Insight Astronomy Photographer of the Year 2016 at The Royal Observatory Greenwich: shortlisted images to this year’s competition selected

Awards announced 15 September 2016; exhibition of winning images opens 17 September 2016.

Venus and the Moon overlook the International Space Station streaking across the sky over France, new stars are born in the swirling pink clouds of the Lagoon Nebula lying some 5,000 light years away, a Royal Spoonbill basks in the glow of the almost Full Moon; Insight Astronomy Photographer of the Year 2016 has received more outstanding pictures than ever before. The competition, which is run by the Royal Observatory Greenwich in association with Insight Investment and BBC Sky at Night Magazine, is now in its eighth year and continues to go from strength to strength, receiving a record number of over 4500 spectacular entries from enthusiastic amateurs and professional photographers from over 80 countries spanning the globe.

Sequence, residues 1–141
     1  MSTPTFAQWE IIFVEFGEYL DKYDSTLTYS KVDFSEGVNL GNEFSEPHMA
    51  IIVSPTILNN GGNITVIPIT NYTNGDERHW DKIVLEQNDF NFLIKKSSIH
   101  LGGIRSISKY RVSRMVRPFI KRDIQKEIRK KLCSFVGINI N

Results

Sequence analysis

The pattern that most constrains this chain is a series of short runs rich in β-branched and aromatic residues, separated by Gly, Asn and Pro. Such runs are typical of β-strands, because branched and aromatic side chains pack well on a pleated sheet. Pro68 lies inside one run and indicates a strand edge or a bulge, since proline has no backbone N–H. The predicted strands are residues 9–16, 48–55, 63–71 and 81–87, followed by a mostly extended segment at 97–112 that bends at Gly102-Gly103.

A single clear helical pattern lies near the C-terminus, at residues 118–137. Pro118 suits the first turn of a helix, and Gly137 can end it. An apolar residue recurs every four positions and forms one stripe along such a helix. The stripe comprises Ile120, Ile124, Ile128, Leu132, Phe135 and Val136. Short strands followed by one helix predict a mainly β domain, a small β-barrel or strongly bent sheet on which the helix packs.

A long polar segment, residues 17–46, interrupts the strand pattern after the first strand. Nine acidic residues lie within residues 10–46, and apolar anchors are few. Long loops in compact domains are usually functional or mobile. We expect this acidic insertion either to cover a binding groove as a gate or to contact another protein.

Shortlisted images from this year’s entrants include the breathtaking sight of the Perseid Meteor Shower shooting across the sky appearing to cascade from Mount Shasta in California, USA; the Universe providing the sensational natural light show of the Aurora Australis to welcome in the New Year over Nugget Point on the Otago Coast of New Zealand; and the dramatic moment that our star, the Sun, appeared to be cloaked in darkness by the Moon during the Total Solar Eclipse of 9th March 2016 in Indonesia.